Crabby Old Lady is pleased to see that a couple of people on the “Older Bloggers” list have taken up the privatization of Social Security issue. Be sure to read Cop Car about the effect on women, and check out Elaine at Kalilily Time for her colorful rants.
Republican Support Waning?
Equally terrific to Crabby is news that a growing number of important Republican legislators have reservations about President Bush’s misleading campaign for privatization. Of course, politicians change their minds every day, but Senator Olympia J. Snowe of Maine said last Sunday on CNN saying she is not convinced Social Security is in crisis, as Mr. Bush insists.
House Ways and Means Committee Chairman, Bill Thomas, a Republican from California, told Meet the Press, also on Sunday, that he wants to investigate other ways of financing Social Security, throwing out one idea about a value-added tax - a consumption tax - for Congress to consider.
Do not take these Republican misgivings as a reason to slack off. 60 Senate votes are required to pass any Social Security legislation and there are 55 Republicans. In case some misguided Democrats think privatization is a good idea, some Republican votes in opposition will be needed.
AARP released a major survey this week of 1500 adults age 30 and over. 66 percent of respondents would prefer to strengthen Social Security with as few changes as possible. Only 18 percent support privatization if it means borrowing $1 trillion or more in transition costs. [Transitions costs are the money needed to meet current benefits payments if two percent of millions of accounts are diverted to private accounts.]
On the other hand, a poll from the Tarrance Group and Public Opinion Strategies, which is being presented to House Republicans today, is said to report that 55 percent of voters older than 55 believe “major changes” [read: privatization] to Social Security are needed.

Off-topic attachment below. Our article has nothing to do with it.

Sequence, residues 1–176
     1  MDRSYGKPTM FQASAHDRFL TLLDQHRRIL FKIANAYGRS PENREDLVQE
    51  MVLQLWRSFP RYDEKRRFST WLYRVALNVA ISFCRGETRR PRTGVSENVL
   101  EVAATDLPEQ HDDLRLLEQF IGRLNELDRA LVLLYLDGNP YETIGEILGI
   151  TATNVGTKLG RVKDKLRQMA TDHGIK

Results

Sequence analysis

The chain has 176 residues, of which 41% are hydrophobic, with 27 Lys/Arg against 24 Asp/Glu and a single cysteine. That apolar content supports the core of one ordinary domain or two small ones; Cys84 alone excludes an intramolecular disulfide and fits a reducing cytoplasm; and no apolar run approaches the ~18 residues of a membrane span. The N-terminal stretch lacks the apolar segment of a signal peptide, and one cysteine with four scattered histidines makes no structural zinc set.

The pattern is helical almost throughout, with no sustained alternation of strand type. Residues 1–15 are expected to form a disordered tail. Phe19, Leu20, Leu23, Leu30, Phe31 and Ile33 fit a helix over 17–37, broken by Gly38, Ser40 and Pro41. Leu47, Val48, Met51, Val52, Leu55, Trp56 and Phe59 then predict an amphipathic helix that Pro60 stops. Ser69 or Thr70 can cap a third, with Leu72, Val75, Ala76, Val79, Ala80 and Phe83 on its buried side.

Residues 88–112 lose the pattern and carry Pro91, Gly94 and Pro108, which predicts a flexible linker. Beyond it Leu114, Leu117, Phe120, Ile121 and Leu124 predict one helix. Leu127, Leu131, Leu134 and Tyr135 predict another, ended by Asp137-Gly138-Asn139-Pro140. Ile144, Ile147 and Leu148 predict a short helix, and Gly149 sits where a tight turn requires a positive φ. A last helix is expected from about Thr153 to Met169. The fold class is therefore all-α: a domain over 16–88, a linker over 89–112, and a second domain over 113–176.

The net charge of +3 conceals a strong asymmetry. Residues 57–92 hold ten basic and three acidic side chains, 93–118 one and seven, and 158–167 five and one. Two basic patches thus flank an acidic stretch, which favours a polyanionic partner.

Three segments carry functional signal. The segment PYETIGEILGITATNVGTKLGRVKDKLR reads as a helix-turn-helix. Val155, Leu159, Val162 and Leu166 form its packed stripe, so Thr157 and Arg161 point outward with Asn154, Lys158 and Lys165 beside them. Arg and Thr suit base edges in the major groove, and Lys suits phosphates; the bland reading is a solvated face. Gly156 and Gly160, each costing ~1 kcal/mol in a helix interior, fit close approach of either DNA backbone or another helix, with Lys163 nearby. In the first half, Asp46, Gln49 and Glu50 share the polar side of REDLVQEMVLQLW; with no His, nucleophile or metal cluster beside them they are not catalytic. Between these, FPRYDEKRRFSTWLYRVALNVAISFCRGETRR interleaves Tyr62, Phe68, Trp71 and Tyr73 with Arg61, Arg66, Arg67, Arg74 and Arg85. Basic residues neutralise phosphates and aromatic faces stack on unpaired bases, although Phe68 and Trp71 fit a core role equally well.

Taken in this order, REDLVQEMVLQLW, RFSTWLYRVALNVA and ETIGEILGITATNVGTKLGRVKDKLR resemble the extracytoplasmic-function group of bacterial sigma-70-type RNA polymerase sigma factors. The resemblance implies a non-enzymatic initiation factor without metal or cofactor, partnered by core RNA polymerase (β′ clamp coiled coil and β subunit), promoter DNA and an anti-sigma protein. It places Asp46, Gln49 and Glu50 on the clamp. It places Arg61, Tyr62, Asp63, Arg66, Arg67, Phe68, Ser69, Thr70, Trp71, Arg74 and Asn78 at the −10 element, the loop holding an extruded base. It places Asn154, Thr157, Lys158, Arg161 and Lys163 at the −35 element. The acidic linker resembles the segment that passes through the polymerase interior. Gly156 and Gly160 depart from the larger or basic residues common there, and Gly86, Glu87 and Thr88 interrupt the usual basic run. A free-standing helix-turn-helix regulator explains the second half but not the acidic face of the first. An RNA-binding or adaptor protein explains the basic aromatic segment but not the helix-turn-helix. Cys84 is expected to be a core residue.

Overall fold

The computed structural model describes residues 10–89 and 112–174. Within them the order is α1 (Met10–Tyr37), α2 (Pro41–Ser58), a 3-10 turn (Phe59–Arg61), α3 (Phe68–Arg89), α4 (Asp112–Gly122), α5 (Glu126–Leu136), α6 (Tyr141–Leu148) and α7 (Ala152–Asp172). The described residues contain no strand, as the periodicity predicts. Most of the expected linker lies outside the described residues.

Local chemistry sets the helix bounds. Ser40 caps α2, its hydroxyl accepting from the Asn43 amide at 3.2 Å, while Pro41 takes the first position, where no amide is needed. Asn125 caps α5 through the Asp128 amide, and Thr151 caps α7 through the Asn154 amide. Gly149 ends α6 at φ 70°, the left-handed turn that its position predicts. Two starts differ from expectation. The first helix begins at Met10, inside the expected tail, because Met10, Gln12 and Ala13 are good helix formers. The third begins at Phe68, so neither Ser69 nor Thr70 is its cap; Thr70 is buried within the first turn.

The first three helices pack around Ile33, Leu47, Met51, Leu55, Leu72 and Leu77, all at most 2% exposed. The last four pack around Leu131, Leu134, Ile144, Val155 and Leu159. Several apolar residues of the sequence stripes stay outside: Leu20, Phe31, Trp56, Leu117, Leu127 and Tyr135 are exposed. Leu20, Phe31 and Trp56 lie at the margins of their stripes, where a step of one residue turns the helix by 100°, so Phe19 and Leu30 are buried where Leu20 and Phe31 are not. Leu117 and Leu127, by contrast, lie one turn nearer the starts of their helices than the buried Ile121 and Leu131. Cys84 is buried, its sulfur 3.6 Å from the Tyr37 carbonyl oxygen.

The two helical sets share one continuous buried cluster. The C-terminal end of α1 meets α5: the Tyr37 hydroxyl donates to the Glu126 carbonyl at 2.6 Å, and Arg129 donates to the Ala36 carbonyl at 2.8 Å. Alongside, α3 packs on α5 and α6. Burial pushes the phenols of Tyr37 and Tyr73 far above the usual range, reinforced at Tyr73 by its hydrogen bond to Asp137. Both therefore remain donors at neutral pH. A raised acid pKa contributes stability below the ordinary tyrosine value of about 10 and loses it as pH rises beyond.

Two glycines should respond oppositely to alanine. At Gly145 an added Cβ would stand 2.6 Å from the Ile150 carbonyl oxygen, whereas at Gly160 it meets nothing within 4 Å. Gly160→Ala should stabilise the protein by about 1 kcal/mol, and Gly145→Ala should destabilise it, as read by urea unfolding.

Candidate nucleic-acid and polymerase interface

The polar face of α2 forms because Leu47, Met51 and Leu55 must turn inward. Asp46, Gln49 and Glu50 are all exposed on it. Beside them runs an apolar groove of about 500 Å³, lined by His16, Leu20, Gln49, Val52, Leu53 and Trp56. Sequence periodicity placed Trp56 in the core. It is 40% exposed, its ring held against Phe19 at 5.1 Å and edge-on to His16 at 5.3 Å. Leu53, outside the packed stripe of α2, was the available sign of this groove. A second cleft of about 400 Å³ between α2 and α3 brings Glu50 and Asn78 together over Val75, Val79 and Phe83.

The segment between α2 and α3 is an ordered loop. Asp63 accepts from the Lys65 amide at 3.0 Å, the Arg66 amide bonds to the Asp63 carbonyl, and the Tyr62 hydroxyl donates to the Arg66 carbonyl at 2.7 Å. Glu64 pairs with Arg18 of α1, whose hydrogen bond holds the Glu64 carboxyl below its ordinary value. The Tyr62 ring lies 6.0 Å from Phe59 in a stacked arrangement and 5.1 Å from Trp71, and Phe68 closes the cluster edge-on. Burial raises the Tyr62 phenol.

Meanwhile, Mr. Bush continues in his single-minded pursuit of privatization, which he prefers to reference as “personal accounts.” And keep your eye on the media in the verbiage war; already The New York Times and NBC have adopted the president's phrase instead of privatization or "private accounts." The coin of persuasion is language, so pay attention.
In his news conference on Wednesday, Mr. Bush again used the scare words “bust” and “bankrupt” to describe Social Security. And he reiterated his refusal to consider raising the payroll tax although he did not mention, pro or con, raising the salary cap, currently at $90,000, which could be one of the painless fixes to help ensure Social Security benefits long term.
Several times in the past week, the president disingenuously tried to make the public believe that former President Clinton is a supporter of privatization. Don’t you believe it. Although Mr. Clinton said, during his administration, that the “…fiscal crisis in Social Security affects every generation,” he never suggested it needs radical surgery nor advocated Bush’s style of privatization. More importantly, he urged making use of the budget surplus accumulated on his watch:
“Before we spend a penny on new programs or tax cuts, we should save Social Security first. I think it should be the driving principle…Do not have a tax cut. Do not have a spending program that deals with that surplus. Save Social Security first.”
But, of course, President Bush has spent all that surplus and then some. Even though it is traditional for former presidents never to critizice sitting presidents, Crabby will be disappointed if Mr. Clinton does not soon speak out on Mr. Bush's misleading interpretation of his words.
Additionally, Mr. Bush repeatedly stated in the past week that benefits for people age 55 and older will be not be affected or reduced by privatization. That may or may not be true if whatever legislation is approved includes shifting benefits calculations from the current wage index to the inflation index. If that shift is applied to all retirees, benefits for people older than 55 will be reduced.
This repeated statement is an attempt by the president to remove seniors from the privatization debate. Don’t let that happen. Social Security seems so far in their future to younger people that many do not pay close attention. Crabby reminds you to let the president and your Washington legislators know what you want. You can do that at this website. Do it today and do it often. Keep telling them until they believe it.
Next Wednesday, 2 February, President Bush will deliver his State of the Union Address. He said in the press conference two days ago that he will reveal details of his Social Security proposal in that speech and then barnstorm five states to promote it. You can guess what Crabby Old Lady will be writing about next Friday.
...to be continued...
Social Security Privatization Series Index